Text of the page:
How Syria Could Spark US-Russia War
THE stakes in Syria just jumped mighty high. Syrian troops attacked the antiISIS fighters we back. We warned them to knock it off. In reply, a Syrian aircraft struck our allies. An American jet shot it down.
Now the Russian government says it will view as hostile any manned aircraft or drone flying west of the Euphrates River. That means us.
Were we to accept Russia’s ultimatum, we could not support our allies and we’d be shut out of the endgame battle with ISIS when, as Raqqa falls, the terrorists make a last stand at Deir ez-Zor (a city with a grim history: It was the end-station for Armenian genocide victims death-marched across the desert).
The technical wording of their threat allows the Russians a little bit of leeway, but what makes the pronouncement dangerous is that it’s public — making it hard for Vladimir Putin to back down. Of course, Putin’s a gambler, and a canny one. He may be bluffing. But we can’t count on it. We must assume his forces in Syria are already setting ambushes for our aviators.
Meanwhile, the Russian media, in a Big Lie mode excessive even by Moscow’s shameless standards, insist US troops on the ground are supporting ISIS, while the noble Syrian forces — alongside their selfless Russian and Iranian comrades — are the only ones fighting the terrorists.
In reality, Bashar al-Assad and his backers cynically dumped the burden of wrecking ISIS on us and our local allies to concentrate on slaughtering civilians, exterminating freedom fighters and torturing thousands of prisoners to death. Now that we’ve done the anti-ISIS heavy lifting, they want to exclude us from the endgame and crush our Kurdish and Arab allies.
Russian media have also been giving a platform to Putin’s generals and their alarming tone. It doesn’t sound like the Cold War I remember. It sounds worse. Having won again and again over the past decade, from Georgia to Crimea and now Syria, Russia’s officer corps appears to be itching for a bout for the world championship, convinced we don’t have the guts to stand up to them.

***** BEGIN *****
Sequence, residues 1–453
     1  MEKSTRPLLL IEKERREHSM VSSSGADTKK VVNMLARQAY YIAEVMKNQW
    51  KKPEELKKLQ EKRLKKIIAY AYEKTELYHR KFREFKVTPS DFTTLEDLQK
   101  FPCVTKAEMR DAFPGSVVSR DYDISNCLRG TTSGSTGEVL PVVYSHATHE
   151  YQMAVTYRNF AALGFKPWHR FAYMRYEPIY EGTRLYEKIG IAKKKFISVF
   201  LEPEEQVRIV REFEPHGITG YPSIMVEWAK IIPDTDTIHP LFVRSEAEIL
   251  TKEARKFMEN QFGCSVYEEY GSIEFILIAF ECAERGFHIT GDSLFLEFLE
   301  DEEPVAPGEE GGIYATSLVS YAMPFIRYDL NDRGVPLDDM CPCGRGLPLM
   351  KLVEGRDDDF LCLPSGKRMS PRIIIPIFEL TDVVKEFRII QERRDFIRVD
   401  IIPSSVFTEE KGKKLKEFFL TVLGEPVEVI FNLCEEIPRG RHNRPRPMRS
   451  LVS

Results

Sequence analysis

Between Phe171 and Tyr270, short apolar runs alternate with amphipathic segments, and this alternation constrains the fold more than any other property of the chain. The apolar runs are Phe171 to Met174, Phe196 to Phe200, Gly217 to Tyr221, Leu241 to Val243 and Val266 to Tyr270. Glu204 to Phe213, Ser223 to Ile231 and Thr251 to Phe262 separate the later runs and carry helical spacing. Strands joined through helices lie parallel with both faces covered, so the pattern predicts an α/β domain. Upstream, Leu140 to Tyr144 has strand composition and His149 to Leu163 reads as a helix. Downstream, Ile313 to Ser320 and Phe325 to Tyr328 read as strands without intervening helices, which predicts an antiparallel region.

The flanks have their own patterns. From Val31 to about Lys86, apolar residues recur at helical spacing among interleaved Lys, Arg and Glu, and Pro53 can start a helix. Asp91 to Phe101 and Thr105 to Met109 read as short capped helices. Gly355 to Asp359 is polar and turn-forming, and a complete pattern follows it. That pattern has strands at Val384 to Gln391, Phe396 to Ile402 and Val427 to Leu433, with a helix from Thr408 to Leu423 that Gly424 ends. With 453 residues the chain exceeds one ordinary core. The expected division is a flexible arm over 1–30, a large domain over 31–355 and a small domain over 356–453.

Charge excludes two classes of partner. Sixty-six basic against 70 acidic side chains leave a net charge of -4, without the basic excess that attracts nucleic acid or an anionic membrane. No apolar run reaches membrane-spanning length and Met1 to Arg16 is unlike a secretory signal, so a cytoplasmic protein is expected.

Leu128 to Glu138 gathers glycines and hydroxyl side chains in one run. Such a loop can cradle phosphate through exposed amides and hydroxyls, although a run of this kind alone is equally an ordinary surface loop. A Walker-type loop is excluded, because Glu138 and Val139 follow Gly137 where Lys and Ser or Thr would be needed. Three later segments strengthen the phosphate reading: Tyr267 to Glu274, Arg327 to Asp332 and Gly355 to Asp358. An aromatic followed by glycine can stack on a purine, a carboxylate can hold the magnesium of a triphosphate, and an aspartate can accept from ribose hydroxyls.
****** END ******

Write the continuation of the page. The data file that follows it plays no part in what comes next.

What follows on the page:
What’s wryly striking is that the Russians, who see themselves as master strate- gists, are blind to the way Iran has been manipulating them: Iran got us to fight ISIS and may get Putin to fight us. Guess who wins, either way?
This could spin out of control very, very fast. If it does, we have to win rapidly and decisively — and keep it within Syria.
The backstory: Recently, the focus of Iranian-backed Syrian ground operations shifted from heavily populated western and northern Syria to the east and southeast — above all, to the border with Iraq. On the Jordanian border, too, we’ve repeatedly had to strike Syrian troops and Iran-backed militias threatening enclaves and allies we protect.
Why are the Syrians suddenly confronting us? It’s Iran again.
The Iranians have deeper hooks in the Syrian conflict than any other foreign power. And they have a strategic design for regional hegemony. But Tehran’s vision of a new Persian empire depends on a land route from Iran, through Iraq and Syria, to Lebanon and the Mediterranean Sea. The recent shift in the fighting is meant to secure that advantage for Iran.
Recent, but hardly new. Iran’s Syria gambit is about controlling the ancient caravan routes that have gulped the blood of armies — and supported empires — for millennia.
We’re latecomers, just passing through, preceded by Egyptians, Assyrians, Persians, Alexander the Great, Romans, Arabs suddenly aflame with Islam, Crusaders (who came up short at Damascus), Mongols, Seljuk and Ottoman Turks. Those caravan “superhighways” are as strategically vital now as ever they were.
Maybe we shouldn’t have skipped History 101?
What happens now? Our military is wargaming contingencies to ensure that, should the Russians fire on us, we’ll be prepared. We cannot let the Russians dictate where we fly and who we can protect. We’ve gone out of our way to avoid confrontations with Putin’s war criminals, but there’s a limit. And we may be about to reach it.
This situation could become President Trump’s own Cuban Missile Crisis: If the Russians pull the trigger, will our president stand up to Putin?
Putin may be betting that he won’t.